General Chemistry/Thermodynamics/The First Law of Thermodynamics
The First Law of Thermodynamics is simply a restatement of the Law of Conservation of Energy. There are a few ways of stating it, but they all mean the same thing:
- "Energy is neither created nor destroyed. It can only change form."
- "The change in the system's thermal energy is equal to the heat added to the system minus the work done by the system."
The first definition is self-explanatory. As an example, a propane grill does not "create" energy when it cooks food. The energy stored within propane molecules and oxygen atoms is released in the form of heat and light when the propane molecules reassemble themselves into carbon dioxide and water (the combustion reaction). Energy has not been created or destroyed. It has simply changed from chemical potential energy into light and thermal energy.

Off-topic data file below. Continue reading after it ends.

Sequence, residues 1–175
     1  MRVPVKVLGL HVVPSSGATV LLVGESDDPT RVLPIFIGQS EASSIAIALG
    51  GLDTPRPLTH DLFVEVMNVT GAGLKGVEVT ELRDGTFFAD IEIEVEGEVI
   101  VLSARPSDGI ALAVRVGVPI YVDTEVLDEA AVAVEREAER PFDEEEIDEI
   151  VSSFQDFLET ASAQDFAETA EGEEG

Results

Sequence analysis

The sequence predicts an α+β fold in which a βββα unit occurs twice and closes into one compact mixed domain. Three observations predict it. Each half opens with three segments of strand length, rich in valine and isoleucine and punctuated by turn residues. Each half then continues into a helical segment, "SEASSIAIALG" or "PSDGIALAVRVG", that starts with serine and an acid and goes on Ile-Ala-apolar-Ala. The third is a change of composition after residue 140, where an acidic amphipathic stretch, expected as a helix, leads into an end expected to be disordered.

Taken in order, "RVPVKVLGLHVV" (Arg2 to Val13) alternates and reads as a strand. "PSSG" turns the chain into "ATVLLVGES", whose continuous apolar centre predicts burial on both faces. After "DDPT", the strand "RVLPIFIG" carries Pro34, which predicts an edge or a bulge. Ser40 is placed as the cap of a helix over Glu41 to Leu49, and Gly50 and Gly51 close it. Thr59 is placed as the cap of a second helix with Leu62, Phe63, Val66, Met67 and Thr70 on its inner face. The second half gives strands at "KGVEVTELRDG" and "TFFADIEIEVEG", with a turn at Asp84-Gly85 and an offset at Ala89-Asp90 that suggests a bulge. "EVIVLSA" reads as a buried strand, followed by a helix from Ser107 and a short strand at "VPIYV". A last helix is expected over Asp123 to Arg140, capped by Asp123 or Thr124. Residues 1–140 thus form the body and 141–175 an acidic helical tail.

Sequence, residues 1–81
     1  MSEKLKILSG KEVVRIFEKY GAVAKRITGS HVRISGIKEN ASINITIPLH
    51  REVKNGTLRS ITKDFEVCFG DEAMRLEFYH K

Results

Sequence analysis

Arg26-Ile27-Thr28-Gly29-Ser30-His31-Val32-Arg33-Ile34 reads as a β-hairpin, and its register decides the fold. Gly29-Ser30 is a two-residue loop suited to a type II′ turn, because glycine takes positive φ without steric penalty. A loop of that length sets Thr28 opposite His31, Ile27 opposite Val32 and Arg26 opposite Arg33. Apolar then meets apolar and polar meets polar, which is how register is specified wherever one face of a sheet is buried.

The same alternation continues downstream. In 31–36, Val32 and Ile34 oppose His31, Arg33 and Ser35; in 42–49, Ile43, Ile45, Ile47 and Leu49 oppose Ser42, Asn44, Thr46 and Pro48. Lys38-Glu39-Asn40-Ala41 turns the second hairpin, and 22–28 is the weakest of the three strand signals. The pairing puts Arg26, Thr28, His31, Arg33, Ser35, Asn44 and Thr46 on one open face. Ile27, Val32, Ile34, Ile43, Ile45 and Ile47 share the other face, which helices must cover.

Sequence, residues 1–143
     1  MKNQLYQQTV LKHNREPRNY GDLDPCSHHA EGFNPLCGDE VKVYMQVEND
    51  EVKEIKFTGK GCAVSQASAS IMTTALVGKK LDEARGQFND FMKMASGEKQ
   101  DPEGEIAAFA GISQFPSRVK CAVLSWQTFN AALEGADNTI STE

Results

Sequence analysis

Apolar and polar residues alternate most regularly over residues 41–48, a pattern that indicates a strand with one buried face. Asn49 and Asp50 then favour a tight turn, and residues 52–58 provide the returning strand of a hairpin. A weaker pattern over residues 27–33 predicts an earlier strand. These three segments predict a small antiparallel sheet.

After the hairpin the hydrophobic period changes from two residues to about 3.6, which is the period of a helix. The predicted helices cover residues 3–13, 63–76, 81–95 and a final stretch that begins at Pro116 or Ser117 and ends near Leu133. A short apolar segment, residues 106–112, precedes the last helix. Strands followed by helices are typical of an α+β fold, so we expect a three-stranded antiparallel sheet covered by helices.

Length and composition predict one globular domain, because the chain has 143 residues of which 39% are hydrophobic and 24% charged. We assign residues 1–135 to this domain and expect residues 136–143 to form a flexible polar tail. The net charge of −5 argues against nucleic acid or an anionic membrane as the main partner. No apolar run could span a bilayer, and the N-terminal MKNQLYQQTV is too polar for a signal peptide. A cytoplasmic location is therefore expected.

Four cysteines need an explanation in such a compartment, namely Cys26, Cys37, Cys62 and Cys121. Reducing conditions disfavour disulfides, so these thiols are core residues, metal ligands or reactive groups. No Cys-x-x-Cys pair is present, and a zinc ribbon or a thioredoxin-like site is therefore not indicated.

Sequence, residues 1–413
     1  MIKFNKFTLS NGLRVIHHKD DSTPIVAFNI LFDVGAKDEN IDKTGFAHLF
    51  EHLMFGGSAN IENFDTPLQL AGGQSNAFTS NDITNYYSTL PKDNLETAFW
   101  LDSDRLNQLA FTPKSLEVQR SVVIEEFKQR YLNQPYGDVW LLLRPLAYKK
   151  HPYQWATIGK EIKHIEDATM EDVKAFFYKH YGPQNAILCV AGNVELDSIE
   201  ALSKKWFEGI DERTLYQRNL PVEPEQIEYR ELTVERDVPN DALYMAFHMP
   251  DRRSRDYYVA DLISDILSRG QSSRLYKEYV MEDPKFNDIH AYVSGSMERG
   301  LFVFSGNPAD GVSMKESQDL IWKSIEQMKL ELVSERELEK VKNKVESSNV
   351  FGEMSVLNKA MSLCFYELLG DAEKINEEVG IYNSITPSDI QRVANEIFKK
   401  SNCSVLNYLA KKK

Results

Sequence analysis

The second explanation comes from a physics point of view. It means that adding heat to a system increases its internal energy, and a system that does work (like breaking bonds or assembling large molecules from small ones) decreases its internal energy. Overall, the total amount of heat, work, and energy remains constant. This should make sense because heat is energy and work is energy being applied, so based on the first definition, all forms of energy must be accounted for.
|The First Law is much more useful in Physics than it is in General Chemistry.|